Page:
Real Life Innovation:

Challenge: How to innovate in the product, merchandising and partnership to re-invigorate the relationship

Client Case #3 – Innovation Factory

Client Case – Holy Innovation Challenge Batman, What a Great Idea!

Limited Scope Example
Situation: A major product marketer found itself at a low point in its relationship with a major customer

Compass Deployment

Insights found the pain points between the two teams and established goals

Innovation created a number of possibilities for bettering the relationship

Strategy focused on creating directives that met the objectives of both teams

Activation meant creating a five year plan to help reach the goals established for the engagement


Client team has gained considerable ground relative to their competitors in their category. They have moved from dead last to the middle of the pack in a tough market with a prominent customer.

The Orosy & Company Innovation Factory


What makes “shazzzam”, “kappooow”, “Zaap” and “Pizzazz” happen in your business? A magic moment is not what it takes…the Orosy & Company Innovation Factory is what manufactures new ideas and processes them into real, viable, practical and highly valued new products and services. More importantly the Factory puts the ideas in front of customers to gauge their interest level in the conceptual – or better yet, real – product offerings.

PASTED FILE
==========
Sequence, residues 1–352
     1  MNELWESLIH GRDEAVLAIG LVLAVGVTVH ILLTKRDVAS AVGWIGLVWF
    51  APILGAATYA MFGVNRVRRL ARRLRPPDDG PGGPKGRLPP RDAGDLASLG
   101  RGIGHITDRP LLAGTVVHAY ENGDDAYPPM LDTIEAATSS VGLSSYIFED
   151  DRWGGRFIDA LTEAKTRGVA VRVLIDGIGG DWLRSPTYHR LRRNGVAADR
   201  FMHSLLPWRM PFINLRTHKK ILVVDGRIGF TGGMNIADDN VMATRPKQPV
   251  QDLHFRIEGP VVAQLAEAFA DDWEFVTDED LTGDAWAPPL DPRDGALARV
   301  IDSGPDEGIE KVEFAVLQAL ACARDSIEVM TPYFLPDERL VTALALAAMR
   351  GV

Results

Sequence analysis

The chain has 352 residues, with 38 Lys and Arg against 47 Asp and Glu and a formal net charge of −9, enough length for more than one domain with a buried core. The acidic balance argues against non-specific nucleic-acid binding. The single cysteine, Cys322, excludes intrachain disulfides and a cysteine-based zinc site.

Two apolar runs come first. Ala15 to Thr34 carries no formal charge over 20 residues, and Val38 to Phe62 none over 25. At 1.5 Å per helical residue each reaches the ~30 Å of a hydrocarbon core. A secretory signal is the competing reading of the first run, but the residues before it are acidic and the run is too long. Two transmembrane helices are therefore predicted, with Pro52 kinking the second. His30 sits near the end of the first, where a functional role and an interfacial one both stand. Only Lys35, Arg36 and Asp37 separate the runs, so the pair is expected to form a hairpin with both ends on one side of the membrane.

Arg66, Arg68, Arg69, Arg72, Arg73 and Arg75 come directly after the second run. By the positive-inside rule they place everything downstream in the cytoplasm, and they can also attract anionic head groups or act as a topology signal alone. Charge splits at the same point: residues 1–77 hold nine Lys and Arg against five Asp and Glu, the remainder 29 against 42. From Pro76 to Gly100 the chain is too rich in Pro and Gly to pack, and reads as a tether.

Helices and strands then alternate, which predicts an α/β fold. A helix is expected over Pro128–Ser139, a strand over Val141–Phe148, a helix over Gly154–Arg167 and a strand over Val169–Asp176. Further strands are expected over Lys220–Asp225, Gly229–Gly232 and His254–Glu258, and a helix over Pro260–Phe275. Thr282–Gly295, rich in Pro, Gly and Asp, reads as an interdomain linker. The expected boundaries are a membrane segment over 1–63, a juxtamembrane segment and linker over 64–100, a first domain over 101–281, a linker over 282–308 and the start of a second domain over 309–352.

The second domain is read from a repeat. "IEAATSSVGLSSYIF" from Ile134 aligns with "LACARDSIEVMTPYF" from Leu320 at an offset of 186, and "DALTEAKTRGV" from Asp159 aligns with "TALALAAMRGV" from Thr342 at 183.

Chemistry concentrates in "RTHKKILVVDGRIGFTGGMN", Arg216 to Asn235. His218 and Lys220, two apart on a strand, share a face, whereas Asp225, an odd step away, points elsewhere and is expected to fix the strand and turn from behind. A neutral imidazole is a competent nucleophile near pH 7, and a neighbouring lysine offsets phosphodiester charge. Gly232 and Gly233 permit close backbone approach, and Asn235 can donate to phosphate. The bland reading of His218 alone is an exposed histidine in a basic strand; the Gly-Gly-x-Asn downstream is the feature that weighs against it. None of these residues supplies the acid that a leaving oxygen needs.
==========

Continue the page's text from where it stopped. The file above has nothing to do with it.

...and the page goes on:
Here’s what makes the Innovation Factory so effective at creating results-focused new products (and services).
There are three “departments” in the Factory:

  • Work Bench & Tooling – creating new ideas and “fitting” practical filters/cost estimates (L1)
  • Manufacturing—prototype development along with L2 cost estimates
  • Shipping and Receiving – Testing of the concepts, among which are actual in-market tests that estimate revenue and collect valuable prospect/customer profile information

Clients typically have to go to three sources for each of these capabilities, but Orosy & Company has developed relationships through their ValueNet that allows for idea through testing possibilities.
Innovation need not be at the product or service level. In many engagements we are innovating within a limited scope of responsibility. These “scopes” can be a function, such as Shopper Marketing or Business Development. Within each of these functional innovation opportunities there exists a wealth of possibilities. We bring the approach, facilitate the process and run innovation workbench sessions. Our teams then engage with client teams or our extended consulting network to estimate costs and revenue potential.